richard nickel images documenting the death of holabird and roche's 1899 cable building now digitized

while researching holabird's and roche's architectural commissions (i.e., commercial buildings within chicago's loop)  from the late 19th century, i had a difficult time tracking images of the cable building (1899) . i knew richard nickel was brought onboard through som and/or the historic american building survey to document the building inside and out shortly before and during it's demolition in 1961, but unfortunately, digitized images are very limited (a total of seven) on the habs website.

i managed to track down any and all contact sheets and/or printed images of the cable building's destruction while working on the richard nickel archive (housed at the ryerson and burhnam library) last week. with unabridged access to the library's archives as a volunteer researcher, i spent several hours scanning nickel's images of the cable building and the ornament he salvaged from it.

i hope the cable building images i digitized and edited -  a small selection have been included for this blog post - will assist architectural historians, scholars, and institutions in their research of chicago's architectural history, the first chicago school, and/or the work of holabird and roche.

sadly, the ornament nickel salvaged from the cable did not survive. it was discarded along with the ornament he saved from holabird and roche's republic building while spending a brief time at navy pier. no known examples of exterior terra cotta from the cable or republic have surfaced to this day. 

the cable building's demolition was set in motion as early as 1954,when a chicago tribune article announced the sale of the ten-story building to the american glass company. plans were made to remodel the building into various shops, which effectively lengthened the building's lifespan for a few years. by 1962 however, the introduction of a mid-century skyscraper designed by c.f. murphy sealed the building's fate and it was demolished soon after.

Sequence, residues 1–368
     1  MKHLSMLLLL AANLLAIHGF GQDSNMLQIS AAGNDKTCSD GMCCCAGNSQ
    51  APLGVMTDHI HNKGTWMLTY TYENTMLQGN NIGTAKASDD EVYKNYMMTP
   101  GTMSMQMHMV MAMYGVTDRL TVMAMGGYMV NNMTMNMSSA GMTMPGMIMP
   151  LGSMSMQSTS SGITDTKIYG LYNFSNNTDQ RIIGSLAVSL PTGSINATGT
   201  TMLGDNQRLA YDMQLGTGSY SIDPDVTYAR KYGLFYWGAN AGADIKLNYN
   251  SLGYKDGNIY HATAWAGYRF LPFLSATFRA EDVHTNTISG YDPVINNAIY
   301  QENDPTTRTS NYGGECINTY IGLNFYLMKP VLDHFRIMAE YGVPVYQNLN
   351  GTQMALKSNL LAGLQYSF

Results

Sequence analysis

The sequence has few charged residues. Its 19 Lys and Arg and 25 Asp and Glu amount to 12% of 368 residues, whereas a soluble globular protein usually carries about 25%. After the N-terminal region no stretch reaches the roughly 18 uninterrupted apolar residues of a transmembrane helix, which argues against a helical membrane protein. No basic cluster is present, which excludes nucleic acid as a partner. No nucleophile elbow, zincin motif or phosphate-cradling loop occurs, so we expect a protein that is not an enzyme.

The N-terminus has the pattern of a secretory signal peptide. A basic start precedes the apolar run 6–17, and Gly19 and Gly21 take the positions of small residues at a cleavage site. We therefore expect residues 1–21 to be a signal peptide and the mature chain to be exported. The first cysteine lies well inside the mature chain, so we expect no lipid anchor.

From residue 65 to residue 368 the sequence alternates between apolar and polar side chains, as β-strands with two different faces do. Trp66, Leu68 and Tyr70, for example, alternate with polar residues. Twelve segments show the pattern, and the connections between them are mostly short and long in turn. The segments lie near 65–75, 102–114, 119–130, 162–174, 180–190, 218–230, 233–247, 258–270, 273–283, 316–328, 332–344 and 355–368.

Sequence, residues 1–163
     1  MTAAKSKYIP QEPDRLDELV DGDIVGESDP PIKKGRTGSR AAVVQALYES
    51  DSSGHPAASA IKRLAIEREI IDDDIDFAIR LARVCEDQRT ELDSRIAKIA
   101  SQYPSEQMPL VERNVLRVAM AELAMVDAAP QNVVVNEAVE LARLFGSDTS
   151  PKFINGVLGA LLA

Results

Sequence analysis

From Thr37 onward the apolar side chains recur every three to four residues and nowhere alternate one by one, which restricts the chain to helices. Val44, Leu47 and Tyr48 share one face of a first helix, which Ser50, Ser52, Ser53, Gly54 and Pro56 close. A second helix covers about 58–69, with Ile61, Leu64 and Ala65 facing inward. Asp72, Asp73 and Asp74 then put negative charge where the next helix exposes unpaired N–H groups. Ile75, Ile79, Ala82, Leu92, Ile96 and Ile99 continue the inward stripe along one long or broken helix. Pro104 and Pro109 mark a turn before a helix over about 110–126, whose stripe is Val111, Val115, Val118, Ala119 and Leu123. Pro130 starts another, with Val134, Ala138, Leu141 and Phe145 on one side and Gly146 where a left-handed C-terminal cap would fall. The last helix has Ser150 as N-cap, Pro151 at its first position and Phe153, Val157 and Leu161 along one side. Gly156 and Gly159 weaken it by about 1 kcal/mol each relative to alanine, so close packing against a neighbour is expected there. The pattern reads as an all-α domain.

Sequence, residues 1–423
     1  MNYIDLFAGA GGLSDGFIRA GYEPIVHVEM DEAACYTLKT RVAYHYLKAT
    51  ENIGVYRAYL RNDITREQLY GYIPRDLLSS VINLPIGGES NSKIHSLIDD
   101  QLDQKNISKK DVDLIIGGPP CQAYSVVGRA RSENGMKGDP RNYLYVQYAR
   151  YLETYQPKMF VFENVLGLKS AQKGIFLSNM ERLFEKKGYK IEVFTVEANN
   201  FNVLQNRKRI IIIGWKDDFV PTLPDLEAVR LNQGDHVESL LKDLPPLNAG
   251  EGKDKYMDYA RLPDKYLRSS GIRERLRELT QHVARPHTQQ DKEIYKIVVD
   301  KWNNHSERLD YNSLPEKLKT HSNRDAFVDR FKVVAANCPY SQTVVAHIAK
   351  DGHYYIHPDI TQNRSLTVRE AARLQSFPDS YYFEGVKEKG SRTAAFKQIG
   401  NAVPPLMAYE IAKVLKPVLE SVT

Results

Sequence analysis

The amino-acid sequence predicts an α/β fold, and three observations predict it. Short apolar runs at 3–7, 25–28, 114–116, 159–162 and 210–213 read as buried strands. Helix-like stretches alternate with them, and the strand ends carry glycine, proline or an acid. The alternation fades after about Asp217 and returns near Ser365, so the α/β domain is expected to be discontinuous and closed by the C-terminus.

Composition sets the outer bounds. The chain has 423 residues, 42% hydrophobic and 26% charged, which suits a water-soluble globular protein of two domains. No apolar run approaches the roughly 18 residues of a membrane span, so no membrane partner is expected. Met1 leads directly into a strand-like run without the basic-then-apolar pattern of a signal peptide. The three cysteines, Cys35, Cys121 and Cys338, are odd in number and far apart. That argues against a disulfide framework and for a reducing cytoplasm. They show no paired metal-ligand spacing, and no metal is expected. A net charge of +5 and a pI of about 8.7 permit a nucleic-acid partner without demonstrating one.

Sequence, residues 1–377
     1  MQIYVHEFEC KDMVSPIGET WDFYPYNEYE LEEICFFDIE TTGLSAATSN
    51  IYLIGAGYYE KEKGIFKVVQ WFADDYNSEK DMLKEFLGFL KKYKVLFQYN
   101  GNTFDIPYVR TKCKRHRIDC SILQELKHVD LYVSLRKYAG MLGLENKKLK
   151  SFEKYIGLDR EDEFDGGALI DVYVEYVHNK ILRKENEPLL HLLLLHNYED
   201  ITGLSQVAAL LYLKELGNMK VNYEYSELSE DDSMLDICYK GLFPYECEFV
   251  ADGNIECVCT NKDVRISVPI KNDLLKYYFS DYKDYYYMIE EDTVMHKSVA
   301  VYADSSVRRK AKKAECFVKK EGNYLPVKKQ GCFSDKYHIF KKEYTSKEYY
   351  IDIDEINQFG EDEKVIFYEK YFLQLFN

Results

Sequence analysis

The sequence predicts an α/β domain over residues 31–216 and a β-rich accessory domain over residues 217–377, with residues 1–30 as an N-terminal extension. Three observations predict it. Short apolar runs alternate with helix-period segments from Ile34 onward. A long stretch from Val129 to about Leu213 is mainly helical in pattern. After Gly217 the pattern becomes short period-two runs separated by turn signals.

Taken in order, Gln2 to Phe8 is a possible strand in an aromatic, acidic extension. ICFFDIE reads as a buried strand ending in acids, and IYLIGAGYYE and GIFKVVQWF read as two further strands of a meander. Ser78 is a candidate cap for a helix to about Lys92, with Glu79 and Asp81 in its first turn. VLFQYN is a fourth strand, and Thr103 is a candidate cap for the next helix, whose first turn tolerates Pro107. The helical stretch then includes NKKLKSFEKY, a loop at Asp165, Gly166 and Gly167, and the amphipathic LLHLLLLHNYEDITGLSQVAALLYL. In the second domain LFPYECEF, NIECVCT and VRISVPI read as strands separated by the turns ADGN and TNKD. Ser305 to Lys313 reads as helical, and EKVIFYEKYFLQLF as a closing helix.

the cable piano company was one of the largest piano manufacturers in chicago. the company was established in 1880 by h.d. cable, who had originally been with the western cottage organ company (later changed to chicago cottage organ company). in 1890, cable consolidated with the conover brothers, as well as his two brothers, fayette s. cable and hobart m. cable. shortly after their first consolidation, the cable company acquired the schiller piano company, where they showcased schiller’s instruments as their finest line of models. this earned cable considerable recognition as both a notable fabricator of fine instruments and major contributor to the american piano industry at large during the early 20th century. the cable company’s brand names included kingsbury, wellington, schiller, conover, and euphona player pianos.

like many companies, businesses, and banking institutions across any and all industries, the 1929 stock market crash and ensuing great depression, crippled the cable company, leading to mass lay-offs beginning on thanksgiving in 1929. by 1936, only a few employees remained. the company’s downtown building housing their general offices and showrooms was demolished in 1961. architectural photographer richard nickel documented the building’s demolition for the historic american building survey (habs).  chicago offices factory in st. charles illinois was demolished in 2000.

additional images from the richard nickel archive, housed at the art institute of chicago's ryerson and burnham library, listed below:

 

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